Neither Sanders nor Paul follow their party, they are only affiliated with those parties because it's nearly impossible to win elections without being one or the other. So once people stop blindly following the political parties they start finding out that they have lots of beliefs in common.

And Paul isn't really libertarian, and Sanders isn't really socialist, but trying to have some nuance there also confuses the people.

Comment Re:Just a thought... (Score 3, Interesting) 200

Not all useful changes are treated the same. Bug fixes get higher priority, doing what the boss thinks is important gets more priority, infrastructure changes which overall are an improvement but which causes a need for others to fix code or learn something new tend to get lower priority. Smaller means easier to quickly understand and thus more likely to be accepted quickly. Logically some of these things getting lower priority are actually very important but get overlooked as they're not directly related to the immediate bottom line and quarlerly profits (in the corporate world anyway, though some of this exists in a slightly different form in open source).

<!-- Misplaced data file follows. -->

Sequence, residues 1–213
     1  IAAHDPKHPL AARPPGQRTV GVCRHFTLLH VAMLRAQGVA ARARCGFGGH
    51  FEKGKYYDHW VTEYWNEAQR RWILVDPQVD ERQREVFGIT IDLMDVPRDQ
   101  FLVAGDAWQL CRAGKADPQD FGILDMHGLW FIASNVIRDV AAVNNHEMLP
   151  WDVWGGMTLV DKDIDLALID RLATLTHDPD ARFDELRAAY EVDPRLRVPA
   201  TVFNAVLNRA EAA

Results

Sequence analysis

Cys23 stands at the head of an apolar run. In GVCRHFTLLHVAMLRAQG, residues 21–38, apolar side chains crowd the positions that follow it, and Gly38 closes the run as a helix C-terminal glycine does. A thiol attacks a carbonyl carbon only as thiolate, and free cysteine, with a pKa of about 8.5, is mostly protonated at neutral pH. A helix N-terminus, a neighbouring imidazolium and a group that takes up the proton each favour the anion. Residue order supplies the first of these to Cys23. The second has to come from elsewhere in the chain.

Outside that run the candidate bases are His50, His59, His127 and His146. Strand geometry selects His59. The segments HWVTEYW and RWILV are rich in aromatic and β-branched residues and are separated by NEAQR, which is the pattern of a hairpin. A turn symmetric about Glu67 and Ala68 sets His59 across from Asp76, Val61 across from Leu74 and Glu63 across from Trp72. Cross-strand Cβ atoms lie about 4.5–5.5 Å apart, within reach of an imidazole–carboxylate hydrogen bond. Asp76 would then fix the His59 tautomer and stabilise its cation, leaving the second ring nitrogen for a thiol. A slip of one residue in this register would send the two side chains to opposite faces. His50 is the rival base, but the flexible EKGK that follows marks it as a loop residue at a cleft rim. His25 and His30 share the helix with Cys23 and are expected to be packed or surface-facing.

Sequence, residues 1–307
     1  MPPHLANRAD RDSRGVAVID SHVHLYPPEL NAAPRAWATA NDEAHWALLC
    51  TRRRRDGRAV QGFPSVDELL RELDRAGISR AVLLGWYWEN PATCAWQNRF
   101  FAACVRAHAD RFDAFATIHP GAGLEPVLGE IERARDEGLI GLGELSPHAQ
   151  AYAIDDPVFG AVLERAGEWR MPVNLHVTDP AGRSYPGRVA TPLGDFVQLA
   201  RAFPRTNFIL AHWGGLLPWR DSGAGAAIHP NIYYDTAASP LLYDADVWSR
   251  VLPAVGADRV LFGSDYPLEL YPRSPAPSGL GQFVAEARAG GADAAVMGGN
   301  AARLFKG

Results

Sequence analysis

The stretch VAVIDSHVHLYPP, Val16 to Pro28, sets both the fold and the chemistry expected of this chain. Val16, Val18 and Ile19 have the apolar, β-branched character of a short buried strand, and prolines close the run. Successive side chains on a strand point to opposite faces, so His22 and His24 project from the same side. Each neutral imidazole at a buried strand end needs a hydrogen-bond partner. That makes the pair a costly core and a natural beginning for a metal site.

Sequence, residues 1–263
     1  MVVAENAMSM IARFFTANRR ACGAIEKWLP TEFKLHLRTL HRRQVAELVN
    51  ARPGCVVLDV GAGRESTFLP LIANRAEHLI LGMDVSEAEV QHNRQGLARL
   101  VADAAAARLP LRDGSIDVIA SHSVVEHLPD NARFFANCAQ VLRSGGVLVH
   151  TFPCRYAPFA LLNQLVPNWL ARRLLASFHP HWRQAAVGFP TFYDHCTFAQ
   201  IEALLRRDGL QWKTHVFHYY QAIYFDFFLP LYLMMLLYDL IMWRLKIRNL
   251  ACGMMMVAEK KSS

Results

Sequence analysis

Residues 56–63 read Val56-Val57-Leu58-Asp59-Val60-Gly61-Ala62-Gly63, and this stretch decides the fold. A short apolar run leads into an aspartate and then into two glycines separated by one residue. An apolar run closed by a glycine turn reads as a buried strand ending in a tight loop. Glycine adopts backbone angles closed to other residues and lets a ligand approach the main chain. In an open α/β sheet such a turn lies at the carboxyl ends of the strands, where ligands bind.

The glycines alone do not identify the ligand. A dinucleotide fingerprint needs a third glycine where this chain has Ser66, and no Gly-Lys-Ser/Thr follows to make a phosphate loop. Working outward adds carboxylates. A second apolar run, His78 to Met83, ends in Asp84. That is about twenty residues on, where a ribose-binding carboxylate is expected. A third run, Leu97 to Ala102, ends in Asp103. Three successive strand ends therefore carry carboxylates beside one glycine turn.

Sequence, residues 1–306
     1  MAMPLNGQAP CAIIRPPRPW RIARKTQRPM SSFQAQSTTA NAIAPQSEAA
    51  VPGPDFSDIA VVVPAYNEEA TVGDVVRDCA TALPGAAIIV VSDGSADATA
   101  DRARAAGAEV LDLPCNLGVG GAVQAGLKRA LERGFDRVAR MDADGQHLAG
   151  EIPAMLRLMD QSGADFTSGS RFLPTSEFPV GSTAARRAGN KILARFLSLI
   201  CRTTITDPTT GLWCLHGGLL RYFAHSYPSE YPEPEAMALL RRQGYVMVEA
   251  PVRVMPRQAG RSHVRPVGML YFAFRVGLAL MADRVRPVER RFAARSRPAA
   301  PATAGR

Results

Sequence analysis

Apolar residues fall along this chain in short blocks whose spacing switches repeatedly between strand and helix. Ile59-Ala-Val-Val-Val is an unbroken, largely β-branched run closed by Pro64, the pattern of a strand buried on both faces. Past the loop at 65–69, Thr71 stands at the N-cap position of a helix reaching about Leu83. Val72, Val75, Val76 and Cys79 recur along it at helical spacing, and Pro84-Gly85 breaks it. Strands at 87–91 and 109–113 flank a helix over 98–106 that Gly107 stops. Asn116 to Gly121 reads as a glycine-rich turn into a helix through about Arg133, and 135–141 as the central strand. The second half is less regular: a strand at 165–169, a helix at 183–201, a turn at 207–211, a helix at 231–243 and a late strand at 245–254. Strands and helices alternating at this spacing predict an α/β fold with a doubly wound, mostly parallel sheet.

And that's sort of what they implied. Pull requests from women tended to be larger or less likely to serve an immediate need. This is not to say that those are better or worse on merit, just treated differently.

To stereotype perhaps, the women tend work on things that need to get done in the long run and avoid quick and dirty fixes, men tend to work on things to impress the boss and worry about cleaning it up later? I have seen some small trend this way in my experience, as the worst code bases to maintain that I've worked on tended to be developed in all male groups, and easier to understand and maintain code came from mixed developers. And in my experience at least, I've see more women caring about long term architectural issues and few who were engaged in the quick and dirty check in.